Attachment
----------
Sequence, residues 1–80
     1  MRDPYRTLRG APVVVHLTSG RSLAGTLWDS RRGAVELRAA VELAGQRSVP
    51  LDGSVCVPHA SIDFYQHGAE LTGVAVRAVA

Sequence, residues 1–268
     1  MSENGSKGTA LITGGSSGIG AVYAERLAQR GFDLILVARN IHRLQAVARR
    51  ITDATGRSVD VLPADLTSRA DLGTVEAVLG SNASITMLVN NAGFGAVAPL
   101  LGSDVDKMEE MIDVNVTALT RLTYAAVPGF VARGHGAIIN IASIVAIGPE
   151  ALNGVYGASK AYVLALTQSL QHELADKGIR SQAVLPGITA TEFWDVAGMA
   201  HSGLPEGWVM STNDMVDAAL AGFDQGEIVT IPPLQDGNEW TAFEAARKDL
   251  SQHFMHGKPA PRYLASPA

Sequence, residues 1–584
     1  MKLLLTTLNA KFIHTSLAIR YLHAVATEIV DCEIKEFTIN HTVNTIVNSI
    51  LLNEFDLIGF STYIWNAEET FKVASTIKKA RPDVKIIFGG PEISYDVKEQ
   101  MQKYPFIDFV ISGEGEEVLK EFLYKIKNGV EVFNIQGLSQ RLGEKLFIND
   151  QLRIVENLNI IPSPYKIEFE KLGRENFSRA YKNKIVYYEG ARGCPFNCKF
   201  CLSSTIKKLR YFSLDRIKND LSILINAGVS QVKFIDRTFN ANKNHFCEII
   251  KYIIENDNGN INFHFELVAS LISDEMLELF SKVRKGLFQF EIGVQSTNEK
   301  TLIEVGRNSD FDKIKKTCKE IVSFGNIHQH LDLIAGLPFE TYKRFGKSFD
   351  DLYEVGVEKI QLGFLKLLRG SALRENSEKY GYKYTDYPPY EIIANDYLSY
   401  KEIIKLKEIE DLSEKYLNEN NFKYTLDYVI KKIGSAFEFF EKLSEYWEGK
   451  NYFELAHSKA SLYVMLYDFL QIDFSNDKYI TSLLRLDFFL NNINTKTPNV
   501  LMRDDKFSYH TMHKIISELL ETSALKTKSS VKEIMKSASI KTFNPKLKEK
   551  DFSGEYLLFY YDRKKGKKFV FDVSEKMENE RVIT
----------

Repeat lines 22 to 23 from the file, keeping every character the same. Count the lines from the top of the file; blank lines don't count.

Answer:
   501  LMRDDKFSYH TMHKIISELL ETSALKTKSS VKEIMKSASI KTFNPKLKEK
   551  DFSGEYLLFY YDRKKGKKFV FDVSEKMENE RVIT